House GOP: MSHA failed to enforce existing laws
See Thursday's Gazette story here.
CHARLESTON, W.Va. -- House Republicans pressed federal mine safety chief Joe Main for answers Thursday about a series of audits that revealed missed inspections and inadequate enforcement by the U.S. Mine Safety and Health Administration.
GOP members of an Education and Workforce subcommittee jumped on the audits, pointing to them in arguing against passage of new mine safety legislation in response to last April's Upper Big Branch Mine Disaster.
"It's pretty damning, when you look at it," Committee Chairman John Kline, R-Minn., told Main, pointing to a Charleston Gazette story that first published the audit results.
"You've mentioned that MSHA was using every tool at your disposal, and you've asked here now for more legislation to give you more tools," Kline said. "Yet it seems looking at this story the failure is not at having the right tools in the toolbox, but in the people using all the tools in the toolbox."
Subcommittee Chairman Tim Walbert, R-Minn., added, "If there is one thing we know, it is the strongest law on the books cannot protect miners if the agency charged with enforcing those laws fails to do so."
Main conceded that a summary of MSHA Office of Accountability Audits conducted in 2008 and 2009 revealed "systemic problems" similar to those documented in numerous previous MSHA internal reviews, Inspector General reports and U.S. Government Accountability Office audits going back more than 20 years.
"I think these problems existed and we have to put in place measures to train these problems out," Main told lawmakers. "Hopefully, as we look down the road, the kind of systemic problems that we've seen, we don't find them."
The MSHA summary report, quietly provided to Congress just two weeks before the Upper Big Branch Mine disaster, did not specify which MSHA field offices were audited and MSHA has so far declined to make public the office-specific results.
In a news briefing after the committee hearing, Main would not commit to releasing those more-detailed audits or to making public additional audits conducted by MSHA's accountability office lasts year.
"We'd have to go back and even figure out what audits are even involved here," Main said. "There's some time involved here."
Questions from Kline and other Republicans overshadowed the efforts of House Democrats to use Thursday's committee hearing to promote mine safety legislation they failed to get through Congress last year.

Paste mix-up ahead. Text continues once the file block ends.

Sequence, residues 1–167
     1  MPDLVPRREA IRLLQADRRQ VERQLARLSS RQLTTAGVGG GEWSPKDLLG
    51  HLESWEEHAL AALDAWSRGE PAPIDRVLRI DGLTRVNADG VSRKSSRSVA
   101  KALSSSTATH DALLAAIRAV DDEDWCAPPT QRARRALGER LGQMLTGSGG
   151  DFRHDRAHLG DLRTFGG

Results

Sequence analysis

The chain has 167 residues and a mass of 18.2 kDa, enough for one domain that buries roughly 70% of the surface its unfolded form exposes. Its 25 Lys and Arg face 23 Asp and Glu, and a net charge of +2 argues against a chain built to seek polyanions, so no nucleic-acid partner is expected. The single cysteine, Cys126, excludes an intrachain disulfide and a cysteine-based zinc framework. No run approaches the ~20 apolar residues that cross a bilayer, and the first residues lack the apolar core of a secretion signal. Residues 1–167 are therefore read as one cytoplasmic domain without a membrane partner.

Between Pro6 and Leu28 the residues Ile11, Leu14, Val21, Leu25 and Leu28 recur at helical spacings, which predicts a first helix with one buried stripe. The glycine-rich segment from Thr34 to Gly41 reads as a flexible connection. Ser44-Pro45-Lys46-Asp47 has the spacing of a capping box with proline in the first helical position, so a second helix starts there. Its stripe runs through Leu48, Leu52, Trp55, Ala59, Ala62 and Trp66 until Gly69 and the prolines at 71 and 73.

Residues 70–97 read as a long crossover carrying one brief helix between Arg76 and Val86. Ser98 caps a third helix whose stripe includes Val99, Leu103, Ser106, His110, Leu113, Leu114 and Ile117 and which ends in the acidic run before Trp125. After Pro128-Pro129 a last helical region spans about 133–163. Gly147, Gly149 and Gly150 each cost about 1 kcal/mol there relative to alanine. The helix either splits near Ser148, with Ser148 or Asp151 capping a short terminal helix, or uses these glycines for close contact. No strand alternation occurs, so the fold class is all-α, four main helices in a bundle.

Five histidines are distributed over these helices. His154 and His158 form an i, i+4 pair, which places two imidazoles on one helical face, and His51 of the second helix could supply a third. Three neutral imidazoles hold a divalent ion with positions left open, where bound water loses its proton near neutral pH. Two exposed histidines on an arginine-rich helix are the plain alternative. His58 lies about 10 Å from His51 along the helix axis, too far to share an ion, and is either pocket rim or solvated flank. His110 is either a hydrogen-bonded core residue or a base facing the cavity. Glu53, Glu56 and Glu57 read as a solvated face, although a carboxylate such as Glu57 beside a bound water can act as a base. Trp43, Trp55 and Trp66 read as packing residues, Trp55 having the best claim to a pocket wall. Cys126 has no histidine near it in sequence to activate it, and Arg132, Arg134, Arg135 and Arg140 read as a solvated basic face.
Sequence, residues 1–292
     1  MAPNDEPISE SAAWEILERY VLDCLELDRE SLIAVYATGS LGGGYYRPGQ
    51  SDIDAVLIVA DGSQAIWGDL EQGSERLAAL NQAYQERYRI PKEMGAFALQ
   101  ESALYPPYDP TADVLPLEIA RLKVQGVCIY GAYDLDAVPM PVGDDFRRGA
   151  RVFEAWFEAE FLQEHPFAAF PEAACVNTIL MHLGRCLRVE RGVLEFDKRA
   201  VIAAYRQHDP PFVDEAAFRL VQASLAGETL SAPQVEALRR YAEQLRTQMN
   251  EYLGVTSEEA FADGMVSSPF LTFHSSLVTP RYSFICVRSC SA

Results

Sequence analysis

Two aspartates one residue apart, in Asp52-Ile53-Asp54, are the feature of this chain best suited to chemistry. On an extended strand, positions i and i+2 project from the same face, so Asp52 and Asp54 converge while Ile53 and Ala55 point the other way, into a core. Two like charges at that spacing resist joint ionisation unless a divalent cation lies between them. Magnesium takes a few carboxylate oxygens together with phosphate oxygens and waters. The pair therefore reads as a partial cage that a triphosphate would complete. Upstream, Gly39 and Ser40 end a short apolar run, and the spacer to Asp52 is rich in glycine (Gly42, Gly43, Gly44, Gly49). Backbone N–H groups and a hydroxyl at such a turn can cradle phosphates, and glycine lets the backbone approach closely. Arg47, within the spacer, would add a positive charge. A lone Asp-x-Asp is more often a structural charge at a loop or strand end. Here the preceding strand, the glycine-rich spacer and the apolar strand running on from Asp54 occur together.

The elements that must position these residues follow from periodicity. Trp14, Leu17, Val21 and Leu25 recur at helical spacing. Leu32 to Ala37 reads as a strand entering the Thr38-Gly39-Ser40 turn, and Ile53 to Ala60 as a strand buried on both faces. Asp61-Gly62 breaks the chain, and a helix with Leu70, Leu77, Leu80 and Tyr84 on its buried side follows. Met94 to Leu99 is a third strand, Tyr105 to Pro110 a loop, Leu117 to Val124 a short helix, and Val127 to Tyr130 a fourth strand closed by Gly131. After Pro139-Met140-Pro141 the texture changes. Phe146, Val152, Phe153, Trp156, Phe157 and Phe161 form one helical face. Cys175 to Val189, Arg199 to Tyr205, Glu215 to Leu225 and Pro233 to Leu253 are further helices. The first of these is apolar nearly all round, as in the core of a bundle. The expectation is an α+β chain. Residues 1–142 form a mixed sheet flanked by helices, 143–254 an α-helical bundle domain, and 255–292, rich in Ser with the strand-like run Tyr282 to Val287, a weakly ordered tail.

Democrats, including Rep. Nick J. Rahall of West Virginia, defended Main and tried to steer the hearing away from any of MSHA's problems.
"You've come under a little criticism here in the latest reports that have been released," Rahall told Main, "but I think you responded very adequately to the chairman's questions."
Democrats are trying to revive the Robert C. Byrd Miner Safety and Health Act, which last year died in the then-Democratic-controlled House and went nowhere in the Senate. The legislation would have given MSHA new enforcement authority, including improved ability to shut down problem mines, increased safety penalties, and more protection for workers who complain about unsafe conditions.
During Thursday's hearing, the Obama administration backed off its support for that legislation. Main told lawmakers he was not asking them to "take up any particular bill," given "that this is a new Congress with new leadership."
Main said the administration still believes legislation is needed, although, to reform MSHA's "pattern of violations" program, allow inspectors to more quickly seek court injunctions against troubled mines, provide more criminal penalties against operators, and increase whistleblower protections.
"To make MSHA truly effective in cracking down on serial violators who seem indifferent to miners' healthy and safety," Main said, "MSHA needs additional tools that only Congress can provide."
Main was the only witness at Thursday's hearing, the first to consider mine safety issues in any detail since the Republicans took control of the House following last November's elections.
In his prepared testimony, Main tried to signal willingness to work more closely with the mining industry, promoting MSHA's educational and training programs and emphasizing that agency officials would closely examine potential costs of new regulations.
"We are concerned with the economic and technological feasibility of our regulations, and the Mine Act requires us to take that into consideration when developing regulations," Main said.
Main also told lawmakers it could be "months" before his agency completes its investigation and issues a report on the Upper Big Branch explosion.
"We don't know when we're going to be done," Main said. "I think it's going to be months before we're able to release the information we have."
Reach Ken Ward Jr. at email@example.com or 304-348-1702.